Lucy Kemp-Welch was painting in Cocking, located in the Sussex Downs , when WW1 broke out in August 1914. She had been busy painting some wonderful rural scenes such as "The passing train", "The return from the fields", and "The Waterway" all of which were exhibited and sold at the Royal Academy summer exhibitions between 1912 and 1914. These fine works depicted the heavy horse "plodding" home after a hard days work. The war brought change for horses. Although the Army were on the brink of mechanisation the horse was still in use for transportation and the hauling of guns and many of those farm animals were commandeered by the War Office.
It was early in the war , and as a result of her famed depictions of working horses , that she was approached by the Parliamentary Recruiting Committee to produce a picture of a cavalryman charging straight at the viewer. The artist , and friend, Rowland Wheelwright posed as the rider and Lucy's own horse Black Prince was the study for the horse. This recruiting poster is today still perhaps the most well known and iconic image produced by Kemp-Welch. But it was to " The Front" that Lucy wished to go to capture the "War Horse " in battle but she was constantly thwarted. She offered her services at Whitehall, contacted The Graphic and enrolled on a first aid course all in an effort to be allowed to work in the front line but was constantly refused. To her frustration, it was Munnings and Algernon Talmage who were recruited as Official War Artists while she had to make do with painting the artillery in training.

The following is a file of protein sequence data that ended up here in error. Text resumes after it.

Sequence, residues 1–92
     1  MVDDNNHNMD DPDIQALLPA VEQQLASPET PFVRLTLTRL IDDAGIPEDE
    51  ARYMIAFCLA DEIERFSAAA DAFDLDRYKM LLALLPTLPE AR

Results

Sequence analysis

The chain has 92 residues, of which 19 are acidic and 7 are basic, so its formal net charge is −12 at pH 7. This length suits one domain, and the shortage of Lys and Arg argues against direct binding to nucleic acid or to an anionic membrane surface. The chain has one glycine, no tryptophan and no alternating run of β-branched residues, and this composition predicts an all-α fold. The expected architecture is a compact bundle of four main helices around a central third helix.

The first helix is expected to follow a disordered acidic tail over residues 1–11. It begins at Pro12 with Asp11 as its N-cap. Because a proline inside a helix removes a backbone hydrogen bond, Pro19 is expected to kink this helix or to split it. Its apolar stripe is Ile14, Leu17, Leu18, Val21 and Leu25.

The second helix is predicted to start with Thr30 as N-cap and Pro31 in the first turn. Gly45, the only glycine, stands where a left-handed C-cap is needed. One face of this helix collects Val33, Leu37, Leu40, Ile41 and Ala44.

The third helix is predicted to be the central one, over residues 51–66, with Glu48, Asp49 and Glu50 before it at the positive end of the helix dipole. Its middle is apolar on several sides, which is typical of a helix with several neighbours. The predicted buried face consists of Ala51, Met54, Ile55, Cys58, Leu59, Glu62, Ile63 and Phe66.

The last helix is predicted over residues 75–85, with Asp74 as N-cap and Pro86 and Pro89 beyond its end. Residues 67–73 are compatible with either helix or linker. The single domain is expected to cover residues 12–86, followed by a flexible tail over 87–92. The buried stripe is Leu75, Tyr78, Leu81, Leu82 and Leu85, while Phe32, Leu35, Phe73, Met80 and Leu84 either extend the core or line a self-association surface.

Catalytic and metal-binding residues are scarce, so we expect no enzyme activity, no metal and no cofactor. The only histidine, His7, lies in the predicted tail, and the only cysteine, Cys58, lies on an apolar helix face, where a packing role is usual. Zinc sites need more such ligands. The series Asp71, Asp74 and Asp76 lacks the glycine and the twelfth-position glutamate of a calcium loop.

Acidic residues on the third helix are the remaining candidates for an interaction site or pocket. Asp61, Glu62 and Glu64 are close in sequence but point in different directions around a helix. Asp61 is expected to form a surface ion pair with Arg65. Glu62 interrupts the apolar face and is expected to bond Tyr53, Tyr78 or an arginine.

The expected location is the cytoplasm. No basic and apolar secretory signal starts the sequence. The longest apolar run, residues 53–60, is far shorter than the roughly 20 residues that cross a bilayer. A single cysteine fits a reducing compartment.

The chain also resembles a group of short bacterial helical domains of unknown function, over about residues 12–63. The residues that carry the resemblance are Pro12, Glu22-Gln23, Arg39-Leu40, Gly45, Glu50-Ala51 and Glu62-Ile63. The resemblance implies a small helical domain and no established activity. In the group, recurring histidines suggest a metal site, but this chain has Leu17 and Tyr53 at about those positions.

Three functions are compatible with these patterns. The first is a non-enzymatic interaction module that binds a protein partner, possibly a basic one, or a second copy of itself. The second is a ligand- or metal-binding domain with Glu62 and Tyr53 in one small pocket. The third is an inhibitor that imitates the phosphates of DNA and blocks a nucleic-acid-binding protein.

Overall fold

She found assistance in the form of Colonel Yorke , who gave her access to the horse field gun teams as they trained on Sailsbury Plain. In thanks she painted the Colonel's horse . Lucy Kemp-Welch's painting "Forward the Guns " was produced from the sketches that she had made thanks to Colonel Yorke and it was acquired for the Tate. Yorke informed Lucy that the men in his brigade were delighted with the painting. While the officer was happy the rest of the Art world got embroiled in an argument over the Chantrey Bequest Fund and their purchase of the painting for the Tate. Lucy was angry and distressed. She did, however, carry on painting images of the War Horse despite again being refused by Whitehall to paint at "The Front" in France. Interestingly page 127 of "The spirit of the horse" by Laura Wortley has two images depicted that are almost identical to the image we, here at Blondes Fine Art , currently have for sale. They are charcoal with highlights and are dated 1918.
Lucy Kemp-Welch had helped to convert both the horse and women into heroes and in 1918 women over 30, with the appropriate property qualifications, voted for the first time in a general election. Just pause for one moment and consider that fact a little longer .
It is still less than 100 years ago that women got the vote!